The Miami Herald
Nov. 03, 2003

Odds better for absentee voting in U.S.

For the first time, no political party in Mexico opposes a proposal to allow Mexicans living in the United States to cast ballots in the nation's elections.

  Knight Ridder News Service

  MEXICO CITY - A proposal that would allow as many as one million Mexicans living in the United States to cast absentee votes in Mexican elections appears to have its best chance ever of congressional passage, a step that could transform both Mexican politics and how Mexican politicians campaign.

  While the proposal, which has been pushed by Mexican expatriates in the United State for a decade, is not assured of passage in the Mexican Congress, for the first time no political party is publicly opposing it. What does stand in the way, however, is that there is no way to assure that Mexican votes cast in the United States would be free of fraud or confusion.

  ''The problem right now is the mechanism,'' said congresswoman Adriana González Carrillo, a member of the National Action Party and director of the Congressional Committee on Foreign Relations. ``We are looking at mail, Internet, telephone voting. But some of the problems are, for example, avoiding a situation in which someone in San Diego crosses the border and votes in Tijuana, and then could return to San Diego and vote by phone. These are the issues we're trying to address.''


  Voting at consular offices creates hardships not only for the overworked offices but also for people who don't live near consulates, González said. Mail in Mexico is
  unreliable, and e-mail voting is largely untested anywhere.

  Still, that Congress is willing to consider seriously setting up the absentee voting system is a big step, made possible in part by the defeat in 2000 of the long-ruling
  Institutional Revolutionary Party, or PRI.

  The PRI had long opposed having Mexicans abroad casting votes, partly because they were thought to cast votes for non-PRI candidates. Current PRI members say they are no longer opposed to the plan; they also are no longer a majority.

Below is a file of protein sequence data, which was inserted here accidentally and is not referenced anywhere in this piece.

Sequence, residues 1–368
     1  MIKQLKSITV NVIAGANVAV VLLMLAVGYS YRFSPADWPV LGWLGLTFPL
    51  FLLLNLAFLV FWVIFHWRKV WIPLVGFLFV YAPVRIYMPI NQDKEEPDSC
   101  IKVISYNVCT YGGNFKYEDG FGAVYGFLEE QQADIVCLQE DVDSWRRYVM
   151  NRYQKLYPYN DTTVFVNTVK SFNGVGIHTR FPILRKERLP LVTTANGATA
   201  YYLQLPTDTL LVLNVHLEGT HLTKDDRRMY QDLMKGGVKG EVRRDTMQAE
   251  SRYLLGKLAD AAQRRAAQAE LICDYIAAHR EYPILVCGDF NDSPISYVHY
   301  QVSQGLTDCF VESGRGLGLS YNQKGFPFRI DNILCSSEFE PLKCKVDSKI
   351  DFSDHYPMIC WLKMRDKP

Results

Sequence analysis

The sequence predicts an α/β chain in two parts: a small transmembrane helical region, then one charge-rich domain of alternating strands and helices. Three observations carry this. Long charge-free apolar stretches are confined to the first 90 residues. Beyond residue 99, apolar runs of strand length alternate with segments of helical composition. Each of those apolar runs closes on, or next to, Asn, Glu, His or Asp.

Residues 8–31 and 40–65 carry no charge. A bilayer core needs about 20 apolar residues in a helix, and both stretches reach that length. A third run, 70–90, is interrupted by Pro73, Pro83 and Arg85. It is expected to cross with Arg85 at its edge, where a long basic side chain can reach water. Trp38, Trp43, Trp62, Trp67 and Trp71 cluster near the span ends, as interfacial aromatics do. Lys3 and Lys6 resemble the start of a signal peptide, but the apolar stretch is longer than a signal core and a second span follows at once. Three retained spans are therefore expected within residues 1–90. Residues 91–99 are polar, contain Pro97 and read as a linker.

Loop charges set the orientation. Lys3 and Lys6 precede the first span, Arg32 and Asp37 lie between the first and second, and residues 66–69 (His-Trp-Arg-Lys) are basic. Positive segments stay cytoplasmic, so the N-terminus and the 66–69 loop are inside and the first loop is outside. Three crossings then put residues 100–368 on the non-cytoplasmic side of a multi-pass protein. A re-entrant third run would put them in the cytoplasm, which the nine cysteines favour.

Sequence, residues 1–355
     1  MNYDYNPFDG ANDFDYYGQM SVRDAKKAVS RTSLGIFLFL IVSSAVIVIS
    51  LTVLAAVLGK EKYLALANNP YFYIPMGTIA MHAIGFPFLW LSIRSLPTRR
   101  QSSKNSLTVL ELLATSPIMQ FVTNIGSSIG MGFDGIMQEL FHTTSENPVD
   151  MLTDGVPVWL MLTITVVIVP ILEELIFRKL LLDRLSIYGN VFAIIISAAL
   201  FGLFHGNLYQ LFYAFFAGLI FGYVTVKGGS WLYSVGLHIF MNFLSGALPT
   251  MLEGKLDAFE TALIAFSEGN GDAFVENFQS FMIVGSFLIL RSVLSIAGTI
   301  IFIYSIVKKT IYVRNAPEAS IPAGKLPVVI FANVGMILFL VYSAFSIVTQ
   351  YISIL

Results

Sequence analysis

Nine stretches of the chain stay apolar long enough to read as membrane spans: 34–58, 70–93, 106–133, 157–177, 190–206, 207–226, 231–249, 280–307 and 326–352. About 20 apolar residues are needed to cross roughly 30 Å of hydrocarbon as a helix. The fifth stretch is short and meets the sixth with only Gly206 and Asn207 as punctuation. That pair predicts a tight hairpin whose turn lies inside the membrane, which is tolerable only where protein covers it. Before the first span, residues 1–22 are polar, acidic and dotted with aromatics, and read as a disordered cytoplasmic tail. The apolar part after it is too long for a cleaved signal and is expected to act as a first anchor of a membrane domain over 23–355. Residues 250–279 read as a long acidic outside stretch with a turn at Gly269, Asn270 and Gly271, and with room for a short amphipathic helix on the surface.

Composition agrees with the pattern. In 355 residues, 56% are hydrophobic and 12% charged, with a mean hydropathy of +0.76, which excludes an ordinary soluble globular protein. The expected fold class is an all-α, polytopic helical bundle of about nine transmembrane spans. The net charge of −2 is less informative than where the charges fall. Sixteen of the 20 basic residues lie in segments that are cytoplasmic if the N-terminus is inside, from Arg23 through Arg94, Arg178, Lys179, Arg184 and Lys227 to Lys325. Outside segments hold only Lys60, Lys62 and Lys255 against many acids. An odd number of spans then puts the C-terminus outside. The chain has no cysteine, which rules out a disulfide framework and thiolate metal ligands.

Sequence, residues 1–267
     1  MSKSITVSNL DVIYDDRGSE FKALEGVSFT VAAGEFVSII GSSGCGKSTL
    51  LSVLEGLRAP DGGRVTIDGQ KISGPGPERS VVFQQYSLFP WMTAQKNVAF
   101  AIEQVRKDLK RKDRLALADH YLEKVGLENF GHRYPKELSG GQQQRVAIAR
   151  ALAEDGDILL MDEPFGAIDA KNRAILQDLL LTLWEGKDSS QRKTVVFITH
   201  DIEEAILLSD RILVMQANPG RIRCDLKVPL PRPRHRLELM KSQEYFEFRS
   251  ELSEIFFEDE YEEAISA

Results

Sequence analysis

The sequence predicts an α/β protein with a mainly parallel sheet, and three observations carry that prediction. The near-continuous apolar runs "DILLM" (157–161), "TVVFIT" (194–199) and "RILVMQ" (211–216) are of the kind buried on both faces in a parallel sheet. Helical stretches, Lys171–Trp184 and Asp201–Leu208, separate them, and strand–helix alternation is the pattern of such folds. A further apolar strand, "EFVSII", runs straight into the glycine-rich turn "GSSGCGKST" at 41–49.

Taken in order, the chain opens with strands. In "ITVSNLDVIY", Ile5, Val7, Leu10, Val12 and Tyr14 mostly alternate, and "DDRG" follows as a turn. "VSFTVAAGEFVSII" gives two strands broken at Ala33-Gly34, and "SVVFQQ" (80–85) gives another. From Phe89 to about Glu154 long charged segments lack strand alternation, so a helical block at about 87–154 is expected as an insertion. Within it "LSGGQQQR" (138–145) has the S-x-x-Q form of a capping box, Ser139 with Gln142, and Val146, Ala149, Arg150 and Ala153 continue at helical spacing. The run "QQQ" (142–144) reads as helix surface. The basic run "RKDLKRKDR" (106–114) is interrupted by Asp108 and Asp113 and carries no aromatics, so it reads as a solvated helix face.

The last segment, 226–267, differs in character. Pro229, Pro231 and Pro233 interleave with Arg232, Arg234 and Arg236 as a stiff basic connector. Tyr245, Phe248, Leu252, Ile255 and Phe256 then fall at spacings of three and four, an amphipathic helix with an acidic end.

''I would support that, yes, but there are other issues that are far more urgent, such as building an immigration accord with the United States,'' said congressman Roberto Pedraza Martínez, vice coordinator for migrant issues for the PRI.

  A plan must be developed during the current congressional session, which ends in January, to affect the 2006 presidential elections.


  Mexicans are divided on which political party would benefit from the absentee balloting proposal.

  Mexicans in the United States tend to be more highly educated, which is a trait of supporters of the conservative PAN, according to a report released this year by the Massachusetts Institute of Technology's Department of Political Science. But the liberal Democratic Revolutionary Party (PRD), which polls show has the best chance for winning the presidency in 2006, has always had strong support among Mexicans in the United States, said PRD Congressman Francisco Javier Saucedo Perez.

  But even the PRD no longer is sure it would gain from absentee votes. ''Before, yes, but we don't have any proof of that any more,'' Saucedo said. ``It's a fight there for the vote, too.''

  That would probably be the most obvious change in the United States as a result of an absentee voting law -- the likelihood that Mexican candidates would campaign inside the United States for votes and campaign contributions.

  More than six million Mexicans live in California, Texas and Illinois, and hundreds of thousands more have settled in states such as Georgia, Colorado, Florida and North Carolina, so Mexican political candidates are sure to start making cross-border stops.

  Such a spectacle could have a negative impact on U.S.-Mexican relations, some fear.

  'Think about what it would look like to have major political rallies for a foreign government in every major city . . . and the candidate might say, `We're tired of the U.S. abuse of Mexico.' This would not go over well,'' said Rodolfo de la Garza, professor of political science at Columbia University and a member of the Council on Foreign Relations, a think tank in New York City and Washington, D.C.